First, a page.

Information on the anaesthetic technique for endoscopies

In order to have your operation running as well as possible and without pain, anesthesia is required.
An anesthesiologist will inform you of the sequence of anesthesia.

The sedation

Sedation is a state comparable to sleep, produced by drugs injected into a vein. The perception of pain is completely neutralized. This artificial sleep state continues in a controlled manner until the end of the intervention.

The sedation is a form of shallow anesthesia.


Any anesthesia takes place in a room equipped with specialized equipment to continuously monitor the “vital functions” (activity of the heart, lungs, blood oxygenation, etc.). At the end of surgery, you will be taken to the recovery room to be monitored continuously. During this time, you will be under the responsibility of an anesthesiologist assisted by a specialized nurse practitioner.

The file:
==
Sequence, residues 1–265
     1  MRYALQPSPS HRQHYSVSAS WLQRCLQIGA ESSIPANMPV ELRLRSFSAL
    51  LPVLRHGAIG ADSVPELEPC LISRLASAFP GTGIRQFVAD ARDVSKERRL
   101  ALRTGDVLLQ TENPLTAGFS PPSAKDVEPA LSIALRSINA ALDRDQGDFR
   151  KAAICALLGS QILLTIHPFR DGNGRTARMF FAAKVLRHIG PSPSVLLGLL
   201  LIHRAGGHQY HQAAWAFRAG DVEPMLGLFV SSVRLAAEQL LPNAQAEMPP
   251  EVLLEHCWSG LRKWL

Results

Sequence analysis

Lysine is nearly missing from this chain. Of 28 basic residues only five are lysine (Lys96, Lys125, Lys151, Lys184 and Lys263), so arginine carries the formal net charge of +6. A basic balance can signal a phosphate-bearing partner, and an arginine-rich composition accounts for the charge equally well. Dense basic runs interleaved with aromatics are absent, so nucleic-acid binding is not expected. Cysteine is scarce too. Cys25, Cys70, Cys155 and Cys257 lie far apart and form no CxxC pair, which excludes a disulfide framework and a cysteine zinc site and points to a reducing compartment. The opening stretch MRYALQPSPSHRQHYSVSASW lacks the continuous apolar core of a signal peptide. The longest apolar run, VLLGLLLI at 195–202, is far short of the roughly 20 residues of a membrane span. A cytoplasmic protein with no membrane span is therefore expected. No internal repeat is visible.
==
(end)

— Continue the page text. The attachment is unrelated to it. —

Any medical procedure, performed even in the best conditions, involves a risk. However, the methods currently used in anesthesia are reliable and the risk of complications remains extremely low. Through continuous monitoring, any malfunction is quickly corrected. A major accident threatening life (severe allergy, cardiac arrest, asphyxia) is extremely rare.


You will need to fast (no food or drink) a certain period of time before (and after) the anesthesia. It is therefore necessary, for your safety, to comply with the requirements given. The day of the operation, you will take your personal medications only on medical order. If you go home the same day of the exam, you will absolutely need to provide someone to drive you home. Indeed, it is forbidden to drive a vehicle on the day of anesthesia. You will also avoid making important decisions that day.